Born: January 8, 1846, Jersey City, New Jersey.
Died: December 20, 1916, Easton, Pennsylvania.
Buried: Saint Thomas’ Episcopal Church Cemetery, Whitemarsh, Pennsylvania.
Gilchrist’s family moved to Philadelphia, Pennsylvania, when he was nine years old. He attended school there until the outbreak of the American civil war, when his father’s business failed and William had to seek other work.
Having a good voice, he sang in choirs and choruses, first as a soprano, and later a smooth, flexible baritone. He began singing some of the principal parts in the Handel and Haydn Society, where his first real musical life began.
At age 19, Gilchrist began studying organ and voice with Professor H. A. Clarke, gradually concentrating on theory.
At age 25, he spent a year in Cincinnati, Ohio, as organist and teacher, returning to Philadelphia to take post of choir master at St. Clement’s Protestant Episcopal Church. He later became conductor of the Mendelssohn Club, the Tuesday Club of Wilmington, and the Philadelphia Symphony Society.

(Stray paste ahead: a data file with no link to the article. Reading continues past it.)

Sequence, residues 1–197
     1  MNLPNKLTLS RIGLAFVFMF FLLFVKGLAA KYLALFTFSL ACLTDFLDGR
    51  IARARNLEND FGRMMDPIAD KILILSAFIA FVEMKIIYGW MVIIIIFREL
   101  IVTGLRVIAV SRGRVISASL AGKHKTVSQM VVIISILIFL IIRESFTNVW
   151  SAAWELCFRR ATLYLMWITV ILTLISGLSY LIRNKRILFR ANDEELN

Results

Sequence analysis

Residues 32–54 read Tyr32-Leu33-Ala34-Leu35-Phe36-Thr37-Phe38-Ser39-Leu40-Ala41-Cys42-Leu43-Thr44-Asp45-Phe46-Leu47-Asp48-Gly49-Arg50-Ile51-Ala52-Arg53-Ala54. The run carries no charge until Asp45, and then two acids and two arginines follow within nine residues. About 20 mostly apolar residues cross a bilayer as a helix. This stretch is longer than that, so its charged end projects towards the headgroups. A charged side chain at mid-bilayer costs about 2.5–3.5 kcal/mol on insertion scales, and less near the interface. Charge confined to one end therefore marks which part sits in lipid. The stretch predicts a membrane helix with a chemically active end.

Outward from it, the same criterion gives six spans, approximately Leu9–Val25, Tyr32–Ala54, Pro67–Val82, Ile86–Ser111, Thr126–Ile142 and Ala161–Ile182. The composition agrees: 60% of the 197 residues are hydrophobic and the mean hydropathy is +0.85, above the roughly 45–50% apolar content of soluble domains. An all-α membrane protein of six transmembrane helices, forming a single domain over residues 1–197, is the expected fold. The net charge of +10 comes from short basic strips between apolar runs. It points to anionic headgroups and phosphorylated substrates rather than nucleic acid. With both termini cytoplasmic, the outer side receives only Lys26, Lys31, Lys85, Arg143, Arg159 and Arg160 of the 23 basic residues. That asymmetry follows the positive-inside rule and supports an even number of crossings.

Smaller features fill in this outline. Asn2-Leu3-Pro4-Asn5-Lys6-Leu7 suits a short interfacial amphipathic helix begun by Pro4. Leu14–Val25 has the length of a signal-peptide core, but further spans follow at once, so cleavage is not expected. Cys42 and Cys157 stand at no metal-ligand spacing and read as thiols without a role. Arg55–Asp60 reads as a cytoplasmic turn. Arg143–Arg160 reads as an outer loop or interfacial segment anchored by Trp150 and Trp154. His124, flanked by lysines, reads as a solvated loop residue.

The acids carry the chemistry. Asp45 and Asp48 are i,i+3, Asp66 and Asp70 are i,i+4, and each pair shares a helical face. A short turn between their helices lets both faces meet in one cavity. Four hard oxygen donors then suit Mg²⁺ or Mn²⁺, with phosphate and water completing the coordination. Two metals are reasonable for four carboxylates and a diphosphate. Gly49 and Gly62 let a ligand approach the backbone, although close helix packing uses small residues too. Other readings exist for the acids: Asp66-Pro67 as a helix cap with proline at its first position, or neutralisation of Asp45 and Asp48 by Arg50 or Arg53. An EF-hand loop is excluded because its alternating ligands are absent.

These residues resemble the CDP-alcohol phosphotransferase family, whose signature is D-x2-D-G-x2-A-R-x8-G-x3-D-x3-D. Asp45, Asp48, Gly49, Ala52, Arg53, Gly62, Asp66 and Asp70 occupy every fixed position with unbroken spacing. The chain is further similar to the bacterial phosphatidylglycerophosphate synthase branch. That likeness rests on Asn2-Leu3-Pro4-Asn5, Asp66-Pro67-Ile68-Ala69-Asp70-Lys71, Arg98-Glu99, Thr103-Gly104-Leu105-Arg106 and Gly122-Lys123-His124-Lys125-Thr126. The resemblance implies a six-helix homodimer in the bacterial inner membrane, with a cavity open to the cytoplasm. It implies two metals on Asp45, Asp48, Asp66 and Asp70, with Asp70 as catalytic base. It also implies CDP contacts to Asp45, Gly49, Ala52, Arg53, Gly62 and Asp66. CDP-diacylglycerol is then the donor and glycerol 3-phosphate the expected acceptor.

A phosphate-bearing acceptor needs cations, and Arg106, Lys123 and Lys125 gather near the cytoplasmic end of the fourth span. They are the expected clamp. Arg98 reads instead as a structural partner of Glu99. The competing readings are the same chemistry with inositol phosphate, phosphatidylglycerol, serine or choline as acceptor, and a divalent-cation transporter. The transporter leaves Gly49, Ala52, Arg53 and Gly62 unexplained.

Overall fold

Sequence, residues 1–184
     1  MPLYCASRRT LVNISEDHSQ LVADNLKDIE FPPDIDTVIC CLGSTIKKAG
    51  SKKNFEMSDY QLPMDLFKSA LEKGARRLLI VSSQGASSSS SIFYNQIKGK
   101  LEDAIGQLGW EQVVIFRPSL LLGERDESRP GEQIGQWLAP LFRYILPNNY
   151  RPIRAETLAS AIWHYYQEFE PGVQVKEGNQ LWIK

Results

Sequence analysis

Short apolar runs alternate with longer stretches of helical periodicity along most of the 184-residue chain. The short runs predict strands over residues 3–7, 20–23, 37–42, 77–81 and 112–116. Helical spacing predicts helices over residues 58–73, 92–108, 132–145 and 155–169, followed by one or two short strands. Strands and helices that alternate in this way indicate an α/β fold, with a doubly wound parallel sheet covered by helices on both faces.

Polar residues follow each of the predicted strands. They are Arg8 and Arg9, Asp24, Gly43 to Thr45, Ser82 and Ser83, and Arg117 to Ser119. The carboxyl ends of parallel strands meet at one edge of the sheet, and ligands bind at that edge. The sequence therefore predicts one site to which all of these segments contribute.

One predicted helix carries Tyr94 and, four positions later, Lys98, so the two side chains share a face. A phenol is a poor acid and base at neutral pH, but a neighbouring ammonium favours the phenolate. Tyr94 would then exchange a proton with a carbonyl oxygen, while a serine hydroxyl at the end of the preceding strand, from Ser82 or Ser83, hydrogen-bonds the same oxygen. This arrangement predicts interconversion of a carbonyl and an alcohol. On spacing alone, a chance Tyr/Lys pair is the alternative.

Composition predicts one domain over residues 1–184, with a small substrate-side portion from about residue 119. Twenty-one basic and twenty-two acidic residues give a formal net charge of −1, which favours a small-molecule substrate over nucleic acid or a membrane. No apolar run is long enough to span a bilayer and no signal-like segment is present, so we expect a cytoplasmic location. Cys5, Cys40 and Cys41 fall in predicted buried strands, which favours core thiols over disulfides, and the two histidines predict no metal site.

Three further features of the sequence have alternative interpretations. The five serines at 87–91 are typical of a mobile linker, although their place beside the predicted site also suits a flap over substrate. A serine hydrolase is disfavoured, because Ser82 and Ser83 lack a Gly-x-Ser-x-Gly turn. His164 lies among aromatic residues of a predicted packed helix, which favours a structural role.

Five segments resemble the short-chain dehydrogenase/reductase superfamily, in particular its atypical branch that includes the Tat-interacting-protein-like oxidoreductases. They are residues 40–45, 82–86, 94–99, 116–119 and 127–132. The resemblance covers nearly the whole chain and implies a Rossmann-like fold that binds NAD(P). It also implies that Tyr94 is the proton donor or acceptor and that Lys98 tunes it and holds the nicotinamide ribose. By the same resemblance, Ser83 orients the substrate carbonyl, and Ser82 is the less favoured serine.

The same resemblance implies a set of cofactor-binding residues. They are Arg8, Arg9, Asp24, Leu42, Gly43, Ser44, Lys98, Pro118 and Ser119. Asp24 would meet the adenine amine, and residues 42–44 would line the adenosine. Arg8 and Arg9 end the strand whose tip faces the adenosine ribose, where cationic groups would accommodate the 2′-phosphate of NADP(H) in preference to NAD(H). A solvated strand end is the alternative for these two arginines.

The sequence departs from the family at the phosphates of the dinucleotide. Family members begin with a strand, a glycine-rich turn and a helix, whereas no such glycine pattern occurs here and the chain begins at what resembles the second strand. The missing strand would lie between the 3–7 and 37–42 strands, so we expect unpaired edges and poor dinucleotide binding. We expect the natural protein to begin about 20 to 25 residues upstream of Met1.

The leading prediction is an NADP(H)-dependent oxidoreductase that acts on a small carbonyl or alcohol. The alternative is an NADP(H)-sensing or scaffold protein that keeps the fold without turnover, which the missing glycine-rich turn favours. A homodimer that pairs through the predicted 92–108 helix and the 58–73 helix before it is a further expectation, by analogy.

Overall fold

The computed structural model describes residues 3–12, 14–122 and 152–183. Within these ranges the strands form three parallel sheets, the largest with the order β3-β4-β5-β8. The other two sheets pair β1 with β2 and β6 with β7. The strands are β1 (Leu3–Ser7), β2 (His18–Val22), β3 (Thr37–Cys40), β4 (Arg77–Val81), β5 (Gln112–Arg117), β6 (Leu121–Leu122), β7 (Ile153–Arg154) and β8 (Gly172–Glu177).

Gilchrist was best known as a composer. His first success was in 1878, winning two prizes from the Abt Society of Philadelphia for best choruses for male voices. In 1881, he won three similar prizes from the Mendelssohn Glee Club of New York.
In 1884, he took a $1,000 prize from the Cincinnati Festival Association; the judges included Saint-Saëns, Reinecke, and Theodore Thomas. This work was an elaborate setting of the Forty-Sixth Psalm, and was enthusiastically received. Gilchrist afterwards modified it and brought it out at the Philadelphia Festival in 1885.
Gilchrist also served as editor for the 1895 Presbyterian hymnal, as musical editor of The Magnificat in 1910, and wrote symphonies, chamber and choral music.